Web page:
(UPDATED ON April 1, 2020) One of my favorite places in Europe is visiting Copenhagen, Denmark. Copenhagen has a magical quality to it that makes me yearn to visit this Danish gem. The city was bustling with tourists and locals, yet the energy level was still relaxed and laid back. The city of Copenhagen was upscale and metropolitan but didn’t overshadow the history that Denmark holds. After reading about my latest trip to Copenhagen, I hope you will see why I am fascinated by this iconic city.
Nyhavn, the New Port of Copenhagen
I booked a room at Hotel Bethel in Nyhavn, or the New Port, on the canal for my girlfriend, Jo, and I, who were visiting Copenhagen before our Black Sea cruise. The hotel receptionist helped us with check-in and got us all settled in.
Our room was clean, spacious, and had tall ceilings with huge windows that viewed the canal. We had a private bathroom and free Wifi. A breakfast buffet of foods and beverages were included in the hotel rate, which was a good value for the money when visiting Copenhagen.
The Infamous Canals
The view from our room, of the magnificent colorful row houses lined up along the canal at Nyhavn (New Port), delighted us. It proved to be a dream backdrop for our photographs, especially the Memorial Anchor. Copenhagen’s canals are lined with the most picturesque sailboats. The stunning view never got old. Comparatively speaking, this canal was clean and did not have an odor such as Amsterdam.
The boats that lined the canal were mostly non-operational and now served as residences or restaurants. Nighttime is when Nyhavn awakens; the streets and cafe-lined sidewalks fill with pedestrians, laughing and drinking. Food is expensive, so brace yourself. On a positive note, it is entirely safe to stroll around late at night.
Keep your eyes open for Michelangelo’s David Statue as you wander around Copenhagen.
Royalty at Its Finest
Amalienborg Castle was built around 1750 and is the official residence of the Danish King and Queen. Queen Margrethe II, the present ruler who lives in the castle with her husband, Prince Consort Henrik, is the second queen ever to have reigned over Denmark. Amalienborg is made up of four identical palaces with corresponding wings, arranged around an octagonal square, flanked by an equestrian statue of Frederick V.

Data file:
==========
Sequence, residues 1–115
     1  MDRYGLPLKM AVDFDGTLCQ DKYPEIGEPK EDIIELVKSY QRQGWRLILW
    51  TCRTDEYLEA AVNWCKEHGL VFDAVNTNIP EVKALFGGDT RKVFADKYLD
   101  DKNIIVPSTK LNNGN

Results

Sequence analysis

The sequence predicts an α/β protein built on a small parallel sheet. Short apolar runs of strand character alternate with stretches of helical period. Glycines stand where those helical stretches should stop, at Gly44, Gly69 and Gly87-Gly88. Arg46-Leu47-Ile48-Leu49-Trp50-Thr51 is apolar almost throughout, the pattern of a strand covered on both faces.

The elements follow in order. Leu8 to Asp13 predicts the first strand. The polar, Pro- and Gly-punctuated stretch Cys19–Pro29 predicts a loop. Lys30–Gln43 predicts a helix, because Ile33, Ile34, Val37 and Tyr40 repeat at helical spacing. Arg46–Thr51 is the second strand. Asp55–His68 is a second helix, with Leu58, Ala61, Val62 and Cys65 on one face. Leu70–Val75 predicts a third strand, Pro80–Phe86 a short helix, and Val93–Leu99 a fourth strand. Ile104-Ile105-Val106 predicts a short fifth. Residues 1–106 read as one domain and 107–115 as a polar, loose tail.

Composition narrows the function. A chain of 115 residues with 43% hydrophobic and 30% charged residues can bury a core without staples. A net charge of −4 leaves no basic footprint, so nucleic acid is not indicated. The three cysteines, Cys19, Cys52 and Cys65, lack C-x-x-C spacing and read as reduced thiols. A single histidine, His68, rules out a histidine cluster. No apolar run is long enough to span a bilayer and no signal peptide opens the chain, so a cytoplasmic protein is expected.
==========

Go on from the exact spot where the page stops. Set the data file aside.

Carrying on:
The Royal Guard guarded the castle. Jo and I were lucky and caught the changing of the guard one day at noon as we wandered around town. We saw the Royal Guard dressed in their royal regalia, including a spiffy bearskin helmet. New troops paraded through the streets from their barracks beside Rosenborg Castle, just a few kilometers away from Amalienborg.
Copenhagen is Rich with History
Jo and I took a tour of Frederiksborg Castle, the summer residence of the royal family. Frederiksborg built by King Christian in 1600, and though the grander of the castles, a fire destroyed part of the original structure many years ago. My favorite part was a visit to Knight’s Hall, adorned by medieval weapons and animal heads.
Be sure to add Frederik’s Church (with the rounded light green dome) to your sightseeing list. It is more popularly known as the Marble Church. Due to the expense of the marble, it took over 100 years for the grand church to be finished, but in 1894, after a generous donation, it was complete. Marble Church is decorated with paintings of the 12 Apostles.
Another must-see tourist stop is Gefion Fountain. Nike, riding four bulls, is depicted in this stunning fountain.
Copenhagen has its share of impressive castles, called slots in Danish, both in the city and countryside. My favorite was the 17th century Rosenborg Castle, located within walking distance of the city center. The turrets were impressive and picturesque, reminding me more of a movie set than a residence.
Taking the tour is a must and costs under USD 20 (ages 17 and under are free). Rosenborg Castle is filled with elegant furnishings, beautiful china, and admirable art. Even the crown jewels (chalices, crowns, swords) are on display. Breathtaking silver lions guard the white and gold coronation throne.
Famous Authors and Amusements
Hans Christian Andersen, Denmark’s beloved author, lived for many years at 18 Nyhavn. You can see his famous Little Mermaid statue in the harbor but may be shocked at its size. The Little Mermaid is tiny, but great none-the-less.
You can also visit one fo the first amusement parks in the world: Tivoli Gardens. This park, designed to the likes of eras gone by, has fun rides such as a Ferris wheel, fun house, Golden Tower, roller coasters, and Star Flyer, an 80-meter tall carousel.
Tivoli also has live performances, dances, musicals, a concert hall, and an aquarium. It is a great place to walk around and people watch. At night, Tivoli really shines! Try to see “A Tivoli Fairytale,” a nightly show that allows the audience to experience the works of Hans Christian Andersen.
The Hard Rock Cafe sits at the entrance of Tivoli, and other eateries are scattered throughout the park, which does require an admission to visit. Rides are additional.
Copenhagen, My Fairytale City
Copenhagen is a city that dreams are made of. Its charm and coziness will have you planning another trip even before you leave. I cannot wait to return to this magical city someday.
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